What can I do about it? Maybe I could wear them so that they’ll grow on me? I do have some fabric left so maybe I could lengthen them with a border?

 

#3 The shrunk Mesa dress

2018 misses & highlights

This happens when you don’t prewash your fabric. There’s a risk that your garment will shrink in the laundry! As a result, this Mesa dress is at its shortest now! Luckily it’s a summer dress so it’s still wearable but I can’t pick up something from the floor.
What can I do about it? Maybe I could lengthen it with a strip of fabric.
Note to myself: Prewash all your fabrics!

 

#4 Maxi Brooklyn Skirt

2018 misses & highlights

I lengthened the pattern of the Seamwork Brooklyn Skirt—which I already made several times to a maxi skirt. I thought I did it correctly by adding substantial length to the hem. I measured it accurately but apparently, I did something wrong. Anyway, what was I thinking because I know that you can’t lengthen a half-circle skirt in this way.
What can I do about it? I am going to reuse this fabric for a jumpsuit I am planning to sew this Summer.

#5 Creating (more) WIP’s

This was already one of my misses last year 🤦🏻‍♀️! I’m glad though I finished two of them. I reused the fabric of the sweater for my son and finished the Hudson pants for my daughter-in-law. Alas, I created some new ones. So this is going to be my goal for 2019: finish all (ALL!) my WIP’s and don’t create new ones.

 

H i g h l i g h t s 

Life isn’t only about sewing! Or is it? So here are my non-sewing highlights of 2018. If you are a regular reader of this blog then you will notice that these highlights not so different than those of last year. Except for number 1 of course!

#1 The birth of our first grandson M.

grandson

This is THE highlight for us for 2018! The first part of the year there was the excitement of the anticipation and after his birth, he brought so much love and joy to our family. We all adore him and love him to pieces!
Of course, it’s super fun to sew all these cute little clothes for him!

 

#2 Podere Santa Pia

Podere Santa Pia

Staying at our holiday home—Podere Santa Pia—in the South of Tuscany, Italy keeps being the best thing of our life. It’s even better if we are there together with family and friends. To keep the memory alive we take a goodbye picture every time we are leaving this paradise: #ciaosantapia.

 

#3 Spending time with family and friends
2018 misses & highlights
My father and mother celebrating my father’s 85th birthday. He is holding is first great-grandchild.

2018 was an intense family year. There was the 85th birthday of my father, the 80th birthday of my mother, the 60th anniversary of my parents-in-law, the birth of two little babies, and two big family gatherings: one at my husband’s side of the family and one at my side of the family. And of course, the pizza nights with my crowd.  These were all great days!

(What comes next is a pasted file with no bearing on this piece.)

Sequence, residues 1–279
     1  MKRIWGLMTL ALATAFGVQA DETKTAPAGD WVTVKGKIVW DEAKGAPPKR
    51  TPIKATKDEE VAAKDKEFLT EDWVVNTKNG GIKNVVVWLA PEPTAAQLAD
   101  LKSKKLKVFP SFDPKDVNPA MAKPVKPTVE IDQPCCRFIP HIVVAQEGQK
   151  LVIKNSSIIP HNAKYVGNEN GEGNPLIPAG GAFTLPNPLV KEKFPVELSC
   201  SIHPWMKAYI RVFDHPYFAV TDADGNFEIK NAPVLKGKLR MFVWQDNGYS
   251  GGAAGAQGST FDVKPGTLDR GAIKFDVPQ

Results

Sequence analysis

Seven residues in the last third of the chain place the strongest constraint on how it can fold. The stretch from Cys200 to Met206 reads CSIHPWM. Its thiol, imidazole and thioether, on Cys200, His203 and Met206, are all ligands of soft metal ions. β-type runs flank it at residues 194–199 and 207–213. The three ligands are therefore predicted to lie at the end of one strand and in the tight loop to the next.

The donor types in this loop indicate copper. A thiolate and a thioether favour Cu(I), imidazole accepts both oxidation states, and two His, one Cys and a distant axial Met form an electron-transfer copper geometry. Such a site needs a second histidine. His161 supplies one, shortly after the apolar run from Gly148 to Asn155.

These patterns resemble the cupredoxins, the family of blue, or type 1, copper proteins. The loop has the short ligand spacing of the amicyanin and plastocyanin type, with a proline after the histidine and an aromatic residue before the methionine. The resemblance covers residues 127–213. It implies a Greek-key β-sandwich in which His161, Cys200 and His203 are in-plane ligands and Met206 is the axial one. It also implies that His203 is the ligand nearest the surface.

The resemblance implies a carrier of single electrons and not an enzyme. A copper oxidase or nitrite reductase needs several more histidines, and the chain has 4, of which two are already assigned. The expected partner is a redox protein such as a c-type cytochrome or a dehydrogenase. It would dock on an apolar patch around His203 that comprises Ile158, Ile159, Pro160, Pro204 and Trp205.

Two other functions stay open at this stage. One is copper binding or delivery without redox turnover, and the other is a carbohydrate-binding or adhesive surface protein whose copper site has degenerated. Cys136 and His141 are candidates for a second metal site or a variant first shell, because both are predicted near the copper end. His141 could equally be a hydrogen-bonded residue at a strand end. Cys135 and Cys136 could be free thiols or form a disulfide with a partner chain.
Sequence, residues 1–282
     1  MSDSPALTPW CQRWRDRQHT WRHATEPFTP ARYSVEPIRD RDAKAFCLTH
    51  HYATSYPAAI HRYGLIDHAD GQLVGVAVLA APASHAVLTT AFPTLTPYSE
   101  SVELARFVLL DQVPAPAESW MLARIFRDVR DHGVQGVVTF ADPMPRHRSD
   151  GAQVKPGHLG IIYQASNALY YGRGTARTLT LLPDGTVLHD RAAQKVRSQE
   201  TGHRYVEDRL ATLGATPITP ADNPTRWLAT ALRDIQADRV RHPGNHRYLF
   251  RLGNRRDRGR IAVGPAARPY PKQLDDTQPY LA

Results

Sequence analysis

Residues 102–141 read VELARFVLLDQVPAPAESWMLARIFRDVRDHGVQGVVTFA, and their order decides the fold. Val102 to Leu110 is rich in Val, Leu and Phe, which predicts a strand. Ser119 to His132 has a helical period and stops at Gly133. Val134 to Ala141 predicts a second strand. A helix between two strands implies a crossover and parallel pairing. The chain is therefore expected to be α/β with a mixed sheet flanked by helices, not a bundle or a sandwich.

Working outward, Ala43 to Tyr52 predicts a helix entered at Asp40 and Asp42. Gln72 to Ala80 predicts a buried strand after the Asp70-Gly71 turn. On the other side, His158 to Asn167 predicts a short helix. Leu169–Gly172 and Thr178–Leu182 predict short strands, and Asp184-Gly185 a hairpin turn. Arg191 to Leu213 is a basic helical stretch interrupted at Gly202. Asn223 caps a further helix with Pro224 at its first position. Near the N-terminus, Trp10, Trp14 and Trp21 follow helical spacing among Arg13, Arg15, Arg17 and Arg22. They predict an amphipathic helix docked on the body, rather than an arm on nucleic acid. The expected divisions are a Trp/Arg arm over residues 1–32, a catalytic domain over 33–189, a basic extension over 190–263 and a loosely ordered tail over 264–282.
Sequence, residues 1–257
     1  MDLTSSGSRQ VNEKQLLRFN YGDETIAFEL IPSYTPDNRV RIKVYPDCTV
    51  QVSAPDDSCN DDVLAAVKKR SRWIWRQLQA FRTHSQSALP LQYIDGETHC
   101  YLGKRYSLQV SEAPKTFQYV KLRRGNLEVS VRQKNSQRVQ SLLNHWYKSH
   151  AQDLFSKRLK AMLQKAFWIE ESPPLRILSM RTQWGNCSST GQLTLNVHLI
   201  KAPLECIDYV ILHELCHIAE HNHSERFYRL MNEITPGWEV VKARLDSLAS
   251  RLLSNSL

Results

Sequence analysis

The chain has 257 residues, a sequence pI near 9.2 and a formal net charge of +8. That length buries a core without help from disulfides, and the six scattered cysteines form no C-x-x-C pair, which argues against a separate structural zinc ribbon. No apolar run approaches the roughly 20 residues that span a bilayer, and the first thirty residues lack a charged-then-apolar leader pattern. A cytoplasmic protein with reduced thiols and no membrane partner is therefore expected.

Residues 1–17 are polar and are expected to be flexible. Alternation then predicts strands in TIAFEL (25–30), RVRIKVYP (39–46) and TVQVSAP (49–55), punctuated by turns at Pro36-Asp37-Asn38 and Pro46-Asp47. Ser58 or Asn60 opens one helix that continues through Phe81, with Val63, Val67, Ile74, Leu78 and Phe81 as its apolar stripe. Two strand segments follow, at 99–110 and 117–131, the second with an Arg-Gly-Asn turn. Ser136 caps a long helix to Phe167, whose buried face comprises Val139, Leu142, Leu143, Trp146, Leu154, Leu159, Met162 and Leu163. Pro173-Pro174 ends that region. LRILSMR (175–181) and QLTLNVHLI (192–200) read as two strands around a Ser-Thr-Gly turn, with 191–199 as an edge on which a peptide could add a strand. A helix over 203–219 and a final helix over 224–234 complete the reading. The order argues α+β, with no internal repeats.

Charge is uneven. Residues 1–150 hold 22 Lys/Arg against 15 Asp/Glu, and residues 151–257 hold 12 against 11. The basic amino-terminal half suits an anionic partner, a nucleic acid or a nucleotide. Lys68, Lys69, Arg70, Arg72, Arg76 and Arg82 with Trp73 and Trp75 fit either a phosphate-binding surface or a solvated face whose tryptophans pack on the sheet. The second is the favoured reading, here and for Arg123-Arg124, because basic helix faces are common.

#4 Starting to walk
Rosa Dress Tilly & The Buttons
Walking through the city and discovering all kind of great backdrops.

I am so not into sports. I have absolutely no talent for it but I wanted to improve my condition. So last September I started to walk with the ambition to walk every day. And I am succeeding. The last 4 months of 2018 I walked about 5000 steps each day. For me, that’s 100 % more than before! I love doing it and I do feel an improvement of my condition.  Also, it’s nice to take these walks in the city and often my husband is accompanying me. Last year we had real luck with the warmest autumn since ever so that made these walks even more agreeable.

 

#5 Visiting musea
Sean Scully at the Pont
Standing in awe in front of a Sean Scully painting.

I can be totally flabbergasted by seeing a good art show. This year I had the pleasure to see two interesting art shows at the Museum De Pont in Tilburg. First, at the beginning of the year, there was the Jubilee show, Weerzien, which showed all their acquisitions. Later, in May, we visited the Sean Scully and Rineke Dijkstra show. Both shows gave me a lot of food for the soul!

Next up in this series: reflections & goals.

What I sewed in 2018 –Top 5: the hits

Nope, we can’t ignore it any longer. The new year—2019!—is definitely here. That makes that I can look back again and reflect. What kind of sewing year was 2018?
Like the previous years, I collected all my sewing data in an infographic and here below you see the result of my 2018 sewing!

2018 sewing

What do these numbers say?

I sew mostly for women, using a pdf pattern from an Indie Pattern Designer.  Although, compared to previous years, it isn’t that pronounced anymore. There is a shift in who I sew for. In 2018 I sewed more for babies. How else could it be with the birth of our first grandson! This joyful event is, of course, THE highlight of 2018!

2018 sewing
M. wearing his long sleeve sweater. Free pattern from Dromenfabriek.
54 sewing projects

I was a bit surprised by this number when I did the counting.  I didn’t have the feeling that I sewed approximately 1 item per week! Say what? The previous years this was somewhat of a (hidden) goal that I could not reach and this year it came to fruition without special effort. Of course, with the 13 Bombazine Mitts, which I sewed in January,  I took already a big jumpstart.
And yes, these 54 projects are ALL finished projects! Alas, I also have 7 (seven!!) WIP’s! But I am going to catch up on them!